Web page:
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Goddard House puts Jamaica Plain property on market; seeks buyers who won't raze site

Posted by Matt Rocheleau  March 6, 2013 10:49 AM

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The Goddard House nursing home property along South Huntington Avenue in Jamaica Plain was put up for sale this week.

The board of the nonprofit that owns the property will give priority to offers that would spare the 86-year-old building in some fashion, according to Diana Pisciotta, a spokeswoman for the board.

“We have let the real estate community know that we would be eager for proposals that really share our belief that the building itself is a valuable asset,” she said by phone Tuesday. “Our understanding is that the building itself has quite a bit of potential for adaptive reuse.”

The spokeswoman said the board expects it will be several weeks or longer before bids on the property are submitted. After bids come in, the board will review them.

She said no asking price or timetable have been set. The property was put on the market on Monday.

Pisciotta said the board is also moving forward on a process to see how the nonprofit, a 164-year-old organization that also runs a senior care facility in Brookline, can find other ways to carry on its mission by filling gaps in the care available to seniors in the area. She said the board expects to finish that process in several months.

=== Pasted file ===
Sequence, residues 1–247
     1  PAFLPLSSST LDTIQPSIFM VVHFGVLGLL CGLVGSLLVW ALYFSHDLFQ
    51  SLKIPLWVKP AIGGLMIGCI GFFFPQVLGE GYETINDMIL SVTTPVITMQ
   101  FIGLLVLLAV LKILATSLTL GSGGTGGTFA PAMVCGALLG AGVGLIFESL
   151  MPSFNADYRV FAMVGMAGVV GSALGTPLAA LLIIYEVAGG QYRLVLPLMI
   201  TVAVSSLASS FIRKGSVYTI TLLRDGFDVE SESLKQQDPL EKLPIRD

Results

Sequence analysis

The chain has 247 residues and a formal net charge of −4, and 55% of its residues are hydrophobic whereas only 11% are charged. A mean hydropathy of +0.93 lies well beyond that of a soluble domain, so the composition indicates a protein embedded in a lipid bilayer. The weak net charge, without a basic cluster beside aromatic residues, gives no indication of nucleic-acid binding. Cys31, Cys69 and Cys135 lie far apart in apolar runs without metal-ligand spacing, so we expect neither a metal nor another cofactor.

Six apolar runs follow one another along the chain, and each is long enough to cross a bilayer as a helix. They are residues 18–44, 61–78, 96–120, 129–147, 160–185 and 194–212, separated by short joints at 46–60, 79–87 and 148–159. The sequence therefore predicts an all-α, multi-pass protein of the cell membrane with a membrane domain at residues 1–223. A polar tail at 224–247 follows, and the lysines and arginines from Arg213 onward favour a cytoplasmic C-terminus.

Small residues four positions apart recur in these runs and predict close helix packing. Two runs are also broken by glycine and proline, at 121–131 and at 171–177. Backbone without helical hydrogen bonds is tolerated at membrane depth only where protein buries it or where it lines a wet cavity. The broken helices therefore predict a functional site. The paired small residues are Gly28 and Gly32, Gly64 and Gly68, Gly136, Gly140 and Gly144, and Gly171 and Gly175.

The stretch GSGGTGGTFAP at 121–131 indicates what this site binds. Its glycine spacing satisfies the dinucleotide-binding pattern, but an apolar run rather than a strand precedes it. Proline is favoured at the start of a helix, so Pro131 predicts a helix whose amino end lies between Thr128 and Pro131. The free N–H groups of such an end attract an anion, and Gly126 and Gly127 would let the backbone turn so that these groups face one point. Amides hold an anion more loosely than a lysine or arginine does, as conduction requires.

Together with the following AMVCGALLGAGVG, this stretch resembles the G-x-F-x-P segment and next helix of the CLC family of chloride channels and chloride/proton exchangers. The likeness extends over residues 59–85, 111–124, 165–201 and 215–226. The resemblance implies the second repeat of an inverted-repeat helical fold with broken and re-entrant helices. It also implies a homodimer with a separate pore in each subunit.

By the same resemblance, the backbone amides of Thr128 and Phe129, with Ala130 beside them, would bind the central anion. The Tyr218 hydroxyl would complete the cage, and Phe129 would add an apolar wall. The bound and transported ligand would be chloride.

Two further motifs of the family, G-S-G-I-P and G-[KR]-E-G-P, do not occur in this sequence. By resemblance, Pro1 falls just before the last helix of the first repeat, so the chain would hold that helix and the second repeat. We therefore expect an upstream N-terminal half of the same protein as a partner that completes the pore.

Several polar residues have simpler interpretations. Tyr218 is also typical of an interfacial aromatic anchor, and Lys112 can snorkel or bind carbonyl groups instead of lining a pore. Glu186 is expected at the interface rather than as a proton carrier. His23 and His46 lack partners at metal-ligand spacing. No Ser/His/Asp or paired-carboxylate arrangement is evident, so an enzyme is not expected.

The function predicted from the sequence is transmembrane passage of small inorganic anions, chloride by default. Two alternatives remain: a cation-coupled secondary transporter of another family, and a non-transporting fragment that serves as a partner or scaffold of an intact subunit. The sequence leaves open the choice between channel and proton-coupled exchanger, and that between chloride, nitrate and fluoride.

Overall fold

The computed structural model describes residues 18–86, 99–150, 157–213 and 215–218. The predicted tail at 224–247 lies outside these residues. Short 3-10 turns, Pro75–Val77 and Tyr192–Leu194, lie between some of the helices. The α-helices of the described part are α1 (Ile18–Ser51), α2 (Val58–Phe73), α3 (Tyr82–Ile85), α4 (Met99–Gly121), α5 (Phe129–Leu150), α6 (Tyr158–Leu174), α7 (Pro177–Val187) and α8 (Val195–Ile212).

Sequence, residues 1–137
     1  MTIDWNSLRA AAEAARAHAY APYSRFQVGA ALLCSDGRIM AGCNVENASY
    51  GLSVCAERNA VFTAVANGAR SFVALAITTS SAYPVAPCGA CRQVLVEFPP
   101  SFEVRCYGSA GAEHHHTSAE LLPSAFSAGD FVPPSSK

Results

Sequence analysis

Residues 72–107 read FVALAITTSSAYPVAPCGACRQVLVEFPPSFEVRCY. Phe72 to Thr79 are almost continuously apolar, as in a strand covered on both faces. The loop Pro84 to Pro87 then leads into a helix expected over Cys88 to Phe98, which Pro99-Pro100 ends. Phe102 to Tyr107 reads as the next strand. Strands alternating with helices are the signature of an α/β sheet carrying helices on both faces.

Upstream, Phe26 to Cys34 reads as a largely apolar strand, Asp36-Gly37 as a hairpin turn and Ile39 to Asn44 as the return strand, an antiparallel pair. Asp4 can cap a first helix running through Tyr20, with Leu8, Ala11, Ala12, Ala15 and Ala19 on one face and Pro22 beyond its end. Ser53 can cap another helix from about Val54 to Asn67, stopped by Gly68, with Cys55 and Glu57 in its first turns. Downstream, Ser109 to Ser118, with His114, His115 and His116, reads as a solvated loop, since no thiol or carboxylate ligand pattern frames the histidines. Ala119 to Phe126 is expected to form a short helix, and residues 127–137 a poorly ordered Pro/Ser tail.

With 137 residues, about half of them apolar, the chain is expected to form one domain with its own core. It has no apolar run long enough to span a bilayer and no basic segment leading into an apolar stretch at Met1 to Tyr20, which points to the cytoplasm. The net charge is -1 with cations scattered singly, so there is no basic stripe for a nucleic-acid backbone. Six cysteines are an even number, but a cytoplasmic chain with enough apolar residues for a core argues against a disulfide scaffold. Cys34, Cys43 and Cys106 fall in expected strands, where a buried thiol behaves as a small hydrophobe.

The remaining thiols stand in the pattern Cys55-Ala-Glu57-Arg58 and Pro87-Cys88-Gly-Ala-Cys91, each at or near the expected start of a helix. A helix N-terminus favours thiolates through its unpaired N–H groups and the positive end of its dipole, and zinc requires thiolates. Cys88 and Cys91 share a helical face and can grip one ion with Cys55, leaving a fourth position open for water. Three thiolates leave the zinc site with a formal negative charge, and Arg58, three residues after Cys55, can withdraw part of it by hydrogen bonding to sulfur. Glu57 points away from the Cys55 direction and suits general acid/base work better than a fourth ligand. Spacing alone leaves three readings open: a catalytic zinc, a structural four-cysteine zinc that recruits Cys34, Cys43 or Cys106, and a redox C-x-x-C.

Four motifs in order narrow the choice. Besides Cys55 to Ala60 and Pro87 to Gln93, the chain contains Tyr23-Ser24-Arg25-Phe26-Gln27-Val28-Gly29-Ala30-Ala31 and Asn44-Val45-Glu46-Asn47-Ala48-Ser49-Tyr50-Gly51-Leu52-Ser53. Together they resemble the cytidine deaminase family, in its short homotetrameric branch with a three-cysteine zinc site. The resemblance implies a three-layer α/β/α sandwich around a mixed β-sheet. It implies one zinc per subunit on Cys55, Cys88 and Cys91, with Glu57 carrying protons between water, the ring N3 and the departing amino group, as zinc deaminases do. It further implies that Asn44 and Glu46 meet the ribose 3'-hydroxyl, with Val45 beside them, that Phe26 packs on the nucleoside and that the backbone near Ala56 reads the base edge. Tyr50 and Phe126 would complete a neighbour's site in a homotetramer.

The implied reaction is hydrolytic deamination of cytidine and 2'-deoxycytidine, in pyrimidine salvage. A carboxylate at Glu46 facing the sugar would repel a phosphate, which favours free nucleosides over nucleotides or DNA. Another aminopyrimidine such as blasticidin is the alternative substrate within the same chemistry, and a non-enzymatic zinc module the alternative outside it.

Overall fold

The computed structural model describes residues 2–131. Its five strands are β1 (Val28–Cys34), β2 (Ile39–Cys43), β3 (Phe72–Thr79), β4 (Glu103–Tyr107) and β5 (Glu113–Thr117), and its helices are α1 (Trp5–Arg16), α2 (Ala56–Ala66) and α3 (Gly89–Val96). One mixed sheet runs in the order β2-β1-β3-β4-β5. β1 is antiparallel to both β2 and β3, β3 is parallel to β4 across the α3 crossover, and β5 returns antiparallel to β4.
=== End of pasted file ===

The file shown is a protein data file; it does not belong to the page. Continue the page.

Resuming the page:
The board decided to sell the Jamaica Plain property because “it seems unlikely that we’re going to need the building to carry out our mission,” Pisciotta said.

The Jamaica Plain Gazette first reported this week that the property was for sale.

The building at 201 S. Huntington Ave. housed what was the state’s oldest nursing home until it shut down in September.

The two-acre property is located along a stretch of South Huntington Avenue where recent property sales, construction and major development proposals have stirred controversy in JP and nearby Mission Hill.

Most opposition to the projects has come from Jamaica Plain residents, while most support has come from residents of Mission Hill.

Because of that debate, the city’s redevelopment authority in December launched an ongoing study of the South Huntington Avenue corridor.

Officials at the authority have said they do not want the study to stop or delay development proposals.

The study aims to focus on development issues including: housing mix and affordability, transportation, parking, historic preservation, open space, access to green space, and the height, density, setbacks and use of buildings, officials have said,

In November, the city gave final approval for a project at 161 South Huntington to demolish a 98-year-old special education school building to construct a residential building with about 196 units and around 156 parking spaces. The Home for Little Wanderers, which operated its well-known Knight Children’s Center on that a 3.5-acre property, recently relocated some programming and services from the center to a larger campus it owns in Walpole.

In December, the Jamaica Plain Neighborhood Council filed a lawsuit against the city’s Zoning Board of Appeals and the project’s developer in an attempt to overturn the board’s approval of the plans. The lawsuit remains in the early stages of the court process.

City regulators are reviewing another housing proposal nearby at 105A S. Huntington, that would clear a 1.1-acre wooded lot for a 12-story, 195-unit building, with a parking garage and retail.

Many have anticipated that the Goddard House property might be the next site on South Huntington to see significant change.

E-mail Matt Rocheleau at
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